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Read our blog for regular updates on the interpreting business and product updates!

The Impact of COVID-19 on Interpreting

March 16th, 2020 by John Demessemaeker

As we self-quarantine, we have time to reflect on the impact of COVID-19 (better known as the Coronavirus) on aspects other than our personal lives. Many industries are suffering because of the Coronavirus outbreak, but it should come as no surprise that video conferencing companies are thriving. Zoom for example saw their stock go up by 50% over the past month. Remote work and video conferencing has become the norm. The interpreting industry, however, has been initially reluctant to move operations online. Will the severity and the duration of this outbreak revolutionize interpreting forever?

Reluctancy to Innovate

Some say that COVID-19 will fuel the next wave of innovation. Supply chains will merge into more resilient ecosystems, digital bureaucracies will become mainstream, and mental health support will be provided at scale, digitally. However, the interpreting industry has traditionally been slow to embrace technological advancements. Even though the technology is there to support remote interpreting, many face-to-face assignments are being cancelled. Clients, schedulers and interpreters are often not familiar with the technology, and they worry that remote interpreting will lower the quality of the interpretation service.

Need for Innovation

These concerns are nothing but valid. With face-to-face interpreting, there is no technological barrier. The service is completely personal, the interpreter can pick up subtle cues and it is impossible for technical difficulties to get in the way of an effective and successful interpretation session. Be that as it may, as long as external circumstances prevent interpreters from going on-site, the show must go on. Language access is now more important than ever as citizens with Limited English Proficiency (LEP) desperately need medical language services. So language providers need to adapt quickly, not only to provide much needed language access, but also to remain economically viable.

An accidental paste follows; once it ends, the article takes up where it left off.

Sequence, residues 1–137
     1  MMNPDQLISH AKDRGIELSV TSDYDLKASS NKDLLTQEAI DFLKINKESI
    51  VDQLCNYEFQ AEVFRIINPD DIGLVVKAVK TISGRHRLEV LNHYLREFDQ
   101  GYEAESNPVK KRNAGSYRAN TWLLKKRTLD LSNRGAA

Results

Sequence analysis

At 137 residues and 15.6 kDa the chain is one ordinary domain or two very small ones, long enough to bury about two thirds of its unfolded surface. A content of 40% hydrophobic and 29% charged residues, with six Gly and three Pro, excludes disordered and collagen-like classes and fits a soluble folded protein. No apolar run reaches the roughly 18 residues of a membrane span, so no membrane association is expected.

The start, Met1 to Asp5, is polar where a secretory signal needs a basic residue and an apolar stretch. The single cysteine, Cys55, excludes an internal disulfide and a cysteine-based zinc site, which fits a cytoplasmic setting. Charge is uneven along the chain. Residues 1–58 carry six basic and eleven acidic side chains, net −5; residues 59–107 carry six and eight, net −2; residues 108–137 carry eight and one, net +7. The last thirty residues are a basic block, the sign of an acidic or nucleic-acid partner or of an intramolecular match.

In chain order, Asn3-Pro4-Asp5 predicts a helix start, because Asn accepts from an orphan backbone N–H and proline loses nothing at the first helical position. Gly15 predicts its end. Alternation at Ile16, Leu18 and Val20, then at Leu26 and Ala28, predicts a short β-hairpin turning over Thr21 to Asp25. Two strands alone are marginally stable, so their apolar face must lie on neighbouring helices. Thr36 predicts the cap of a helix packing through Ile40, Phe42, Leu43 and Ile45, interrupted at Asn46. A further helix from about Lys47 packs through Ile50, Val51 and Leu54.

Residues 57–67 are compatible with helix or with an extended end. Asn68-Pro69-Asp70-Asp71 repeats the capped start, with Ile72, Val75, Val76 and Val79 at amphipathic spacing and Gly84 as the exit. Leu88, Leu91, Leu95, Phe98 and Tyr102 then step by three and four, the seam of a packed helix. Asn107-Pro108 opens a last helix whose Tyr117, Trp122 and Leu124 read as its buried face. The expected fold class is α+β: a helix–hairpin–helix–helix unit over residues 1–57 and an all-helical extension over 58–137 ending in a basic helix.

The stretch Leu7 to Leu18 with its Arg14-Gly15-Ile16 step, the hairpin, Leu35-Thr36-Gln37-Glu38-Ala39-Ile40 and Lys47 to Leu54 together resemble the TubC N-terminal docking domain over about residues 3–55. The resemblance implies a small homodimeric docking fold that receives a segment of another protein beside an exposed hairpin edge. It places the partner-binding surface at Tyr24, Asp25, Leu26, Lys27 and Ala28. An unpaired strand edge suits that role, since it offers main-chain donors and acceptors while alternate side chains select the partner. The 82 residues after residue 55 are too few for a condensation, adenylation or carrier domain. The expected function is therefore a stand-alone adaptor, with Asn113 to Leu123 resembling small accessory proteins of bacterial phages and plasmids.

Future Benefits

Initially, providing interpretation services via video conference will take some getting used to. Clients, schedulers and interpreters need to familiarize themselves with the technology, they need to make sure they are technologically equipped, and they will need to work out a way to make remote interpreting financially viable for all parties involved. The major upside is that once the interpreting service industry jumps through these hoops, whether it is by choice or by force, it will be far better equipped for remote interpreting assignments in the future, because, let’s face it, the industry was always moving in this direction anyway.

Interpreter Intelligence Can Help

Many of our customers have already been using our VRI feature as a replacement for face-to-face assignments. If you provide interpretation services and are looking for remote interpretation solutions, get in touch with our team to learn how we can set up Video Remote Interpreting for your business

Real-Time Translation: Here And Now Please

February 17th, 2020 by John Demessemaeker